Access Revocation

Storj provides an easy way to revoke client-side delegated authorization with hierarchically deterministic API keys

While delegated authorization and the ability to generate Access Grants at the edge provides the opportunity to create more private and secure applications, there are design considerations to take into account when building applications with data sharing capabilities based on long-lived bearer tokens.

While it is possible to create Access Grants with time-based restrictions and to required Access Grants be refreshed as they expire, applications must be able to revoke access to data. Access grant revocation is supported on Storj in two ways:

  1. Deleting a primary Access Grant - from the Satellite Admin Console, it is possible to delete a primary Access Grant. Deleting a primary Access Grant also immediately invalidates all child Restricted Access Grants derived from that primary Access Grant.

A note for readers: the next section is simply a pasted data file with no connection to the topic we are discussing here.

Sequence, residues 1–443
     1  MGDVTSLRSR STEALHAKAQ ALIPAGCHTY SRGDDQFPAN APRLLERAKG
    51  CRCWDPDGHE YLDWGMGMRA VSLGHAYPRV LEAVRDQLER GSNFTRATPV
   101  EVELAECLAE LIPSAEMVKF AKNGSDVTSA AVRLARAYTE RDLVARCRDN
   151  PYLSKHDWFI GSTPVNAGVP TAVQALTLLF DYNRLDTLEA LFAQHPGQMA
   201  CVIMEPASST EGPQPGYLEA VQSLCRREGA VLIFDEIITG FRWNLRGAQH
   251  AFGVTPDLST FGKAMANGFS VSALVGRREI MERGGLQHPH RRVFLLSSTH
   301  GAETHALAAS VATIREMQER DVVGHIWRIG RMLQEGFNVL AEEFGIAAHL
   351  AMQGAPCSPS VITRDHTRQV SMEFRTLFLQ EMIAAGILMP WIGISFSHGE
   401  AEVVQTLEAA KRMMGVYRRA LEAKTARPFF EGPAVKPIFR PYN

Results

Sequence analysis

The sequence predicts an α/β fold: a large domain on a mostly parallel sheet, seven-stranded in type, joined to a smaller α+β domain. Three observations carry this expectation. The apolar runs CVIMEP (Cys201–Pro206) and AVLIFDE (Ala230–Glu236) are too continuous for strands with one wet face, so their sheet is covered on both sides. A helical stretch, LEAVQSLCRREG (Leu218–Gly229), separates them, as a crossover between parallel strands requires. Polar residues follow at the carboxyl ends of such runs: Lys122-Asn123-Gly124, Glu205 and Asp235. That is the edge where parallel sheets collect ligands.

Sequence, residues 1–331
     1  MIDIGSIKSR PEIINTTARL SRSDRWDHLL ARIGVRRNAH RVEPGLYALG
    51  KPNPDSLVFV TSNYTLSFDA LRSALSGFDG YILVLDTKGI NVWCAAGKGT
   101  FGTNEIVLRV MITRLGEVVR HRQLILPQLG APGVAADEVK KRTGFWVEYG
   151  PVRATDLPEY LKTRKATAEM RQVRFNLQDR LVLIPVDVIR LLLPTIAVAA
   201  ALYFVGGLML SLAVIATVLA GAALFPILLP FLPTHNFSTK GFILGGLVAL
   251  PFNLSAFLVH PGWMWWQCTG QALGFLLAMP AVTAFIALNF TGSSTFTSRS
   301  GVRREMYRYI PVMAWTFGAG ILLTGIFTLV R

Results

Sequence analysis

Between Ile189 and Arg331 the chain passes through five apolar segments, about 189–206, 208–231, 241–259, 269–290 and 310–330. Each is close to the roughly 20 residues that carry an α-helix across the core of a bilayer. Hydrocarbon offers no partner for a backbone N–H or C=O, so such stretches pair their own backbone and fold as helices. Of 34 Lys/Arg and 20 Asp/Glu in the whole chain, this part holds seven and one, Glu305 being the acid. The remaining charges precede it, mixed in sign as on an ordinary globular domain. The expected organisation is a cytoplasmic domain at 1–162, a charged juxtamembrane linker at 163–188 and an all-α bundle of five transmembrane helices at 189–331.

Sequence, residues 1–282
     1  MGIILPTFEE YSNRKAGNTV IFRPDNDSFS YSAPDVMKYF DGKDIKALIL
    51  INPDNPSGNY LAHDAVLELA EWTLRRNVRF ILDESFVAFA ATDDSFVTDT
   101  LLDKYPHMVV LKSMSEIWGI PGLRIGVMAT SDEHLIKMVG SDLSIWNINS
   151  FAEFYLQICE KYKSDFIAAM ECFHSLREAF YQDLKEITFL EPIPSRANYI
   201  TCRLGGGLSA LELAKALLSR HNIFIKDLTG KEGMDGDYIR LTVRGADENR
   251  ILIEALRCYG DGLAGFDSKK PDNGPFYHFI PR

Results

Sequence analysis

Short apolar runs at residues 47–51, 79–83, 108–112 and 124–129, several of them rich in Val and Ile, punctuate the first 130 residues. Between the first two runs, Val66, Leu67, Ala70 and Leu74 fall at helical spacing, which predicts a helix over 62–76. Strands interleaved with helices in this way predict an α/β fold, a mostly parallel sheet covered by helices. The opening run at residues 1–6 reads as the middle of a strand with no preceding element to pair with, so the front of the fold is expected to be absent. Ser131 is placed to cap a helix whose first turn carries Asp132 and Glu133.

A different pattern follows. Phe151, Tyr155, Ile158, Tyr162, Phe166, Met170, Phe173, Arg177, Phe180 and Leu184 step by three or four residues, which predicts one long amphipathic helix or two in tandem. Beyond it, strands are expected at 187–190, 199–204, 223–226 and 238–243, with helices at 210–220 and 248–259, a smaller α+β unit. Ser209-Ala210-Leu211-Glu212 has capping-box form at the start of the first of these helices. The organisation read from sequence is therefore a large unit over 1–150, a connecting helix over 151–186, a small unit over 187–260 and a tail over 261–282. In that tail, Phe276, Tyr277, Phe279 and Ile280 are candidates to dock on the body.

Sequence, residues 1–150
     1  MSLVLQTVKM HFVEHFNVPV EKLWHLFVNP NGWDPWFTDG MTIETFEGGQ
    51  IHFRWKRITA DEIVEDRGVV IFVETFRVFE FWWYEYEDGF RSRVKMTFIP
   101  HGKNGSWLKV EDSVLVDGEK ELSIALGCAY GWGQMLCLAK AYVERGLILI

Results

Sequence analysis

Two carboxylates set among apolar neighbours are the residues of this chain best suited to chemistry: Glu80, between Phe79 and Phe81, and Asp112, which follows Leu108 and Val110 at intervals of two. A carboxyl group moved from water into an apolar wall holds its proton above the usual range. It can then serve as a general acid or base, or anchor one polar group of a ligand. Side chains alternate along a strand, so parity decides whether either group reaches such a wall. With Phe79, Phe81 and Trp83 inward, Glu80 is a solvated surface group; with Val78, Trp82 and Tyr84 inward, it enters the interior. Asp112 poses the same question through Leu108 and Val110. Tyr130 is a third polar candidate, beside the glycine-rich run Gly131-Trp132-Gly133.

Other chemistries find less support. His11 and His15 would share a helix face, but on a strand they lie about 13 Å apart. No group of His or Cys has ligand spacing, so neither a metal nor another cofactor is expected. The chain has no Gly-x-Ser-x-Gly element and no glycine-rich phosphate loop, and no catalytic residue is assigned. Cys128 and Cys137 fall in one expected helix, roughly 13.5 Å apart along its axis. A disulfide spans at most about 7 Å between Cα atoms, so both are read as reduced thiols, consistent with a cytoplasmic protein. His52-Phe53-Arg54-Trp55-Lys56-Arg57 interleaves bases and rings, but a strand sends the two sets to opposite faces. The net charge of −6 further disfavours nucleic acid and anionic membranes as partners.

2. Adding an Access Grant to the Revocation service - by adding an Access Grant to the authorization revocation service, only the API Key associated with that Access Grant is revoked (along with any child Restricted Access Grants further derived from that Access Grant). This can be done via the CLI.

Imagine the case where you have used a primary Access Grant to create dozens of child Restricted Access Grants. Deleting the primary Access Grant immediately invalidates all of the Access Grants derived from that primary Access Grant. Conversely, adding one of the child Restricted Access Grants to the Access Revocation service invalidates only that Access Grant and any child Restricted Access Grants derived from it. Deleting a Primary Access Key has the same effect as adding it to the Access Revocation service.

The main differences is that primary Access Grants are created from the Satellite Admin Console and therefore the Satellite is aware that the associated API Key was created. The Satellite has no way to know if further child Restricted Access Grants were created client side. While this makes for much more private application sharing, it does require that the associated Access Grants be managed appropriately.

Access Management at the Edge